Grid-independent HEVs:                                  Fischer-Tropsch diesel
   Federal reformulated gasoline                        Biodiesel
   Diesel                                           Grid-independent HEVs:
                                                        Federal reformulated gasoline
                                                        Compressed natural gas
                                                        Liquefied natural gas
                                                        Liquefied petroleum gas
                                                        E90
                                                        M90
                                                        Reformulated diesel
                                                        Dimethyl ether
                                                        Fischer-Tropsch diesel
                                                        Biodiesel
                                                    Grid-connected HEVs:
                                                        California reformulated gasoline
                                                        Compressed natural gas
                                                        Liquefied natural gas
                                                        Liquefied petroleum gas
                                                        E90
                                                        M90
                                                        Reformulated diesel
                                                        Dimethyl ether
                                                        Fischer-Tropsch diesel
                                                        Biodiesel
                                                    Electric vehicles
                                                    Fuel-cell vehicles:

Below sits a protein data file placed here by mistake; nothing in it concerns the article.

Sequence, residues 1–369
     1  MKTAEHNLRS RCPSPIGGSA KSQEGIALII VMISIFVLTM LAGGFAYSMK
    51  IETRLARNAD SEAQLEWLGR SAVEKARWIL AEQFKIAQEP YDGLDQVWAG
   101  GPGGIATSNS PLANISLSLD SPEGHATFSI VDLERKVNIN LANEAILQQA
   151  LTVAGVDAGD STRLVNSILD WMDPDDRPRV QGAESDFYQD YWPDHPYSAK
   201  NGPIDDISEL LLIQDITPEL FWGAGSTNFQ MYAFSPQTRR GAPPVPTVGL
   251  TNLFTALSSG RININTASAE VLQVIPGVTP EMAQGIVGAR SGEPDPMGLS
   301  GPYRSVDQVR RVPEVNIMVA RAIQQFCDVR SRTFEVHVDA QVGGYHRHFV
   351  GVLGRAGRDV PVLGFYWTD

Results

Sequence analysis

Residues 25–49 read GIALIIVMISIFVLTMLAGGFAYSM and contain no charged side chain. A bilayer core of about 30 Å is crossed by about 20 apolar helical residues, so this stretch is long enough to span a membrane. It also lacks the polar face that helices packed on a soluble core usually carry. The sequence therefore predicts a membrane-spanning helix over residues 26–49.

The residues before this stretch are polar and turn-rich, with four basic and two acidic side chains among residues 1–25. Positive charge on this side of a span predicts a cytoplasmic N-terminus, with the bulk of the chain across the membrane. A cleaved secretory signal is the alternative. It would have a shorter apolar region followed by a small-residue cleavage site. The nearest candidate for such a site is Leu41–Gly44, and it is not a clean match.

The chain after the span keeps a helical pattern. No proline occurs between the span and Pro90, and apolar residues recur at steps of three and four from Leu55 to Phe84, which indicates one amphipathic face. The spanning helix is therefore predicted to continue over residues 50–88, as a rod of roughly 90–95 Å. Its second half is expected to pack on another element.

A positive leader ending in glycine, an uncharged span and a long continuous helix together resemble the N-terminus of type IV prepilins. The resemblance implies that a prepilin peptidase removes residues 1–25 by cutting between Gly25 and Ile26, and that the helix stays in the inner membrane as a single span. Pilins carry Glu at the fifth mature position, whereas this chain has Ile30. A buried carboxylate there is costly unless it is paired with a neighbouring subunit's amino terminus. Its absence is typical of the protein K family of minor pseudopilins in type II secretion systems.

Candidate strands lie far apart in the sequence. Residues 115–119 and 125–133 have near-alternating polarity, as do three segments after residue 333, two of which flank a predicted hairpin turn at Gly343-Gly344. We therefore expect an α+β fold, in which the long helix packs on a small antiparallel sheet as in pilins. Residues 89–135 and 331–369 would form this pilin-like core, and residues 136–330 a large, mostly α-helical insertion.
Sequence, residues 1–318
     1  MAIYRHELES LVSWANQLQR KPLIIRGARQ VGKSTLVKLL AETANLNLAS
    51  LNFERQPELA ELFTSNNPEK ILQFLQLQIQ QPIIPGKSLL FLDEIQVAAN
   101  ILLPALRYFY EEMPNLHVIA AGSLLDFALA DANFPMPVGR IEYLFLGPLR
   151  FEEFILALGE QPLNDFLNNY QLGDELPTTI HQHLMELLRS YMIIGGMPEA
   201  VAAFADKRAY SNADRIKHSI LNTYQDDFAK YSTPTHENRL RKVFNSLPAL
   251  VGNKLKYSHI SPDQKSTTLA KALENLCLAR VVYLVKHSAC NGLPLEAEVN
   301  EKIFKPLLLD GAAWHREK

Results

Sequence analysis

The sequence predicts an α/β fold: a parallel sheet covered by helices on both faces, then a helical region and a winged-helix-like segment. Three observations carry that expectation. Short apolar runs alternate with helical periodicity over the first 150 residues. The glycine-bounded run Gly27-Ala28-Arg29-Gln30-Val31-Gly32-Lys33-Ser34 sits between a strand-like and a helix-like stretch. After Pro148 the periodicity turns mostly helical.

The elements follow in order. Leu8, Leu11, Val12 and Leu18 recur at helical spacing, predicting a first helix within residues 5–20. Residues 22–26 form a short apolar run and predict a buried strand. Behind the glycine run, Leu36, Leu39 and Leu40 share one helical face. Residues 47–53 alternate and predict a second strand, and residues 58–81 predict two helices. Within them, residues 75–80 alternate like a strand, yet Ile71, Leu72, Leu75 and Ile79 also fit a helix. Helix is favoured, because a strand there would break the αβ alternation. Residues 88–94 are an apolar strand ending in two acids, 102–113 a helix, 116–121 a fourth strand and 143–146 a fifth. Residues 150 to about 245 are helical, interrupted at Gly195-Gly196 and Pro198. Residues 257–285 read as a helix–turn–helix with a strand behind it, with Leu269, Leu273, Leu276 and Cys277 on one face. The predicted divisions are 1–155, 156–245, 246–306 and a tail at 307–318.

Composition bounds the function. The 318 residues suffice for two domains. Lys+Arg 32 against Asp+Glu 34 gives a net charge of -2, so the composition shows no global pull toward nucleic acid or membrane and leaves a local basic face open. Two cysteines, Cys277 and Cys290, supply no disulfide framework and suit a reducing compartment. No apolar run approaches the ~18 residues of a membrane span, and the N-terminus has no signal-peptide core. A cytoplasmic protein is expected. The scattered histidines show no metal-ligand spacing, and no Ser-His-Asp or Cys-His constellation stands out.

Hydrogen
                                                        Methanol
                                                        Gasoline
                                                        Ethanol
                                                        Compressed natural gas


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      Notes for Table 1:
      HEVs = hybrid electric vehicles; CIDI = compression-ignition, direct-injection; SI = spark ignition; SIDI = spark-ignition,
      direct-injection; E90 = mixture of 90% ethanol and 10% gasoline by volume; E85 = mixture of 85% ethanol and 15%
      gasoline by volume; E10 = mixture of 10% ethanol and 90% gasoline by volume; M90 = mixture of 90% methanol and 10%
      gasoline by volume; M85 = mixture of 85% methanol and 15% gasoline by volume.




                                              Conv. & Reform. Gasoline
       Petroleum
                                                Conv. & Reform. Diesel

                                                             LPG
                                                             CNG
      Natural Gas
                                                             LNG

                                                      Dimethyl Ether

                                                Fischer-Tropsch Diesel                               Flared Gas

                                                         Methanol                                   Landfill Gas
       Solar Energy                                      Hydrogen
             Corn
                                                           Ethanol
          Biomass
                                                          Biodiesel